“We implore the Government to listen to Disability groups, to those who survived, and those who lost loved ones in the Grenfell fire, and those who had to use smoke-filled stairwells in absolute life-wrecking terror from Poplar, including older people and children on higher floors. We must ensure that we never again have to hear of people being effectively put to death with ‘stay put’ policies borne of zero advance safety planning.”
Grenfell Inquiry hears of ‘years of buck passing’ leading up to fire
Evidence from the Tenants Management Organisation (TMO) to the Grenfell Tower Inquiry continues to highlight a catalogue of errors and buck passing in the years and months leading to the fire in June 2017, where 72 people lost their lives. 41% of Disabled people in the Tower died in the fire and 85% of all deaths were people from Black and minority ethnic backgrounds.
Flat front doors with no self-closing mechanisms, lack of ventilation in the main stairway and gas pipes laid through the main stairway and into flats, were all shared in evidence, as was the inaction to put things right.
Information on the needs of Disabled tenants was on two different IT systems and at no point were Disabled residents advised that they were entitled to Personal Emergency Evacuation Plans (PEEPs). It was acknowledged in a TMO policy document that provisions for PEEPs were ad hoc and that residents could self-nominate to have one. However, it was also acknowledged that at no time were residents informed that they could request a PEEP.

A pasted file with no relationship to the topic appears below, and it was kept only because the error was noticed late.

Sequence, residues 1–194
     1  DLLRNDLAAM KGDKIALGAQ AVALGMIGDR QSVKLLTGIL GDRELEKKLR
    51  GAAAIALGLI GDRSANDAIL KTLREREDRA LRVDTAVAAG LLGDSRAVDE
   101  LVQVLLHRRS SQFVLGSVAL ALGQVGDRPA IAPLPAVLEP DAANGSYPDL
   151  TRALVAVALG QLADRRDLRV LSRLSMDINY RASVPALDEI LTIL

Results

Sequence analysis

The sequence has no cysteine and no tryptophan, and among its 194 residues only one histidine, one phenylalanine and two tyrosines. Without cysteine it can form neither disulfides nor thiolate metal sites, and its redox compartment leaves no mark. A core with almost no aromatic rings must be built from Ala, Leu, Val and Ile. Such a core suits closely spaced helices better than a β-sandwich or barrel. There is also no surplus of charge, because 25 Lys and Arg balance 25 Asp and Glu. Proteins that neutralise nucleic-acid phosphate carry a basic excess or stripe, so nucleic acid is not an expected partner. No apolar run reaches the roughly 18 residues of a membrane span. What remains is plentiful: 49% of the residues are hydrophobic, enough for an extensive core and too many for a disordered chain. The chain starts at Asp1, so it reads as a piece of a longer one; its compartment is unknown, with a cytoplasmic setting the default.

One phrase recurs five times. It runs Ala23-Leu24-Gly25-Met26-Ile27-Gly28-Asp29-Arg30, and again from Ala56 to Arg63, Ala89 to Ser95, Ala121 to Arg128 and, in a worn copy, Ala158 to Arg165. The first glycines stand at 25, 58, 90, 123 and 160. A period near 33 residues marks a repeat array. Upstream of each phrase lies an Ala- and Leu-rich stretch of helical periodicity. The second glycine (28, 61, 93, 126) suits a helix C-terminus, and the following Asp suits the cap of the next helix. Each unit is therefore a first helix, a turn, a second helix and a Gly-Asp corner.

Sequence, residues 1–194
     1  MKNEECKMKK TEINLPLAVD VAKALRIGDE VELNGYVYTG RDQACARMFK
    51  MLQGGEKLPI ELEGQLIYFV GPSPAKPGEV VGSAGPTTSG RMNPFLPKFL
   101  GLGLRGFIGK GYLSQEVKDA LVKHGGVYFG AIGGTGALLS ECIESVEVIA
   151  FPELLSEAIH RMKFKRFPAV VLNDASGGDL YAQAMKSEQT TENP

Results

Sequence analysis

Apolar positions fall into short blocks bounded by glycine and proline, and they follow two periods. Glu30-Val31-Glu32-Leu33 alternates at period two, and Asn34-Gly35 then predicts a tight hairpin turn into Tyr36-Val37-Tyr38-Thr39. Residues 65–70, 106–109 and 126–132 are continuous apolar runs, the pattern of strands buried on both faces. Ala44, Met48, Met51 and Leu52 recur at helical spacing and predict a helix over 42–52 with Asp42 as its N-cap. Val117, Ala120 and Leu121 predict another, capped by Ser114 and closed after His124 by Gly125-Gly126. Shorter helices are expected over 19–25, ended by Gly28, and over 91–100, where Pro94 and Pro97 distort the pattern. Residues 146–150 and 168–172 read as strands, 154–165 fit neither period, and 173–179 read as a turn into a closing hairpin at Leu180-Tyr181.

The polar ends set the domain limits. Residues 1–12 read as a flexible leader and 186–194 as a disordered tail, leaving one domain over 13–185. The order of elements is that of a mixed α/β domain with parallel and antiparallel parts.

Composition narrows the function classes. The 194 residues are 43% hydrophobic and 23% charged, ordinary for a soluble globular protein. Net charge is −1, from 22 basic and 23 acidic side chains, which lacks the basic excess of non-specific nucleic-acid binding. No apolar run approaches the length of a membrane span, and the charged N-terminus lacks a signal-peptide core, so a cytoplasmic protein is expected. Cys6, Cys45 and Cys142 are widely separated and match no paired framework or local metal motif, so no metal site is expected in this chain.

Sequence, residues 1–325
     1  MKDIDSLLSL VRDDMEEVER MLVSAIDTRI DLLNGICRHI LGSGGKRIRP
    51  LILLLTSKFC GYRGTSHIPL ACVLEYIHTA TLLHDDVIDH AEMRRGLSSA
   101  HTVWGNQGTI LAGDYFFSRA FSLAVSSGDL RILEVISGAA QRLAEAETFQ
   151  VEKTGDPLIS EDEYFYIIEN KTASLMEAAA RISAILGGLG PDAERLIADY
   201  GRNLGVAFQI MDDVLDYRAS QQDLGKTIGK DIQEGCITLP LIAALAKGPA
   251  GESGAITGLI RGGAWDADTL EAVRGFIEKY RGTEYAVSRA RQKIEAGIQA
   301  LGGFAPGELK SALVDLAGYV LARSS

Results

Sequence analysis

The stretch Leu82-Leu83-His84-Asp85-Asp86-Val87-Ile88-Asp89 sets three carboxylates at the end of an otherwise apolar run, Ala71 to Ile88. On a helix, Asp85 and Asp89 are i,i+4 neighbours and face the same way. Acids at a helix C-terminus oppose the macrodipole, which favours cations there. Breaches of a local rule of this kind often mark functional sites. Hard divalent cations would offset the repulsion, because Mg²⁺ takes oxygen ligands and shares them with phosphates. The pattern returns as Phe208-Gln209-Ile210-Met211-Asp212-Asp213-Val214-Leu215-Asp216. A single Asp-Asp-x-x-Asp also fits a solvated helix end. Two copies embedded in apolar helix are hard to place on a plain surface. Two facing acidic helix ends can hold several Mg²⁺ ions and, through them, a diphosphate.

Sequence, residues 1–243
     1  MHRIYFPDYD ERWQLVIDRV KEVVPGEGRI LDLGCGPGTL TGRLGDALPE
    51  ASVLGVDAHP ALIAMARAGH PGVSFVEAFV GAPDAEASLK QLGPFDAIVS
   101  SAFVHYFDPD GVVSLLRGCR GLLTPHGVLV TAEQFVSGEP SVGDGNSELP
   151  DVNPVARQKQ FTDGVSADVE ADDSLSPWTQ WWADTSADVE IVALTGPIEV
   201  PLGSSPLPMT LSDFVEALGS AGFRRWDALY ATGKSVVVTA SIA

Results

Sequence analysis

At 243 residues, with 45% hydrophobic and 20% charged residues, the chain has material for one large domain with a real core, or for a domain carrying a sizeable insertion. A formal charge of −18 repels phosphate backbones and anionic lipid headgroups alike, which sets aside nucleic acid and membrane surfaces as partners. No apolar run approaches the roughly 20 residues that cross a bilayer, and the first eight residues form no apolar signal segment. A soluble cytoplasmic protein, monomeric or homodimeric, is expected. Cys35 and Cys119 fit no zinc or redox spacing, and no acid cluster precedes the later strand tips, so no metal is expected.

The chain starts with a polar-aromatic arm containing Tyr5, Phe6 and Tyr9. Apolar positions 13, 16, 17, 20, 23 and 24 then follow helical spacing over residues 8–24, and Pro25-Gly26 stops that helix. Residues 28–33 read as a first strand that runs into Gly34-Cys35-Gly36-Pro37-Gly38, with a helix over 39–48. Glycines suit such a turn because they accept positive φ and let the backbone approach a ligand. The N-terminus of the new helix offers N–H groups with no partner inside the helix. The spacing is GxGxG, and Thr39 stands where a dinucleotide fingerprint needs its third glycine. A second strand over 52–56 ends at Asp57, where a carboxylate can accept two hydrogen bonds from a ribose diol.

There was a total failure to consider and plan for the possibility of evacuation in the event of fire, with no evacuation plan for the high-rise block and no individual plans for Disabled residents unable to self-evacuate.
DR UK Head of Policy Fazilet Hadi said: “Despite the Fire Safety Order 2005 clearly saying that there must be regular fire risk assessments and action taken as a result, the level of inadequate assessment and failure to take even the most basic of actions is breath-taking
“The TMO had detailed information on the needs of Disabled residents, yet failed to take any responsibility for what could happen to Disabled people in the event of fire, using as their justification that the London Fire Brigade would be responsible should any evacuation be required”
“The Government needs to act quickly to place clear legal duties on building owners and managing agents to develop PEEPs for Disabled residents unable to self-evacuate, as recommended by the Grenfell Tower Inquiry. Current guidance to local authorities saying that PEEPs are impractical needs to be urgently withdrawn.”
Get Yourself Active contributes to new report from the National Outdoors for All Working Group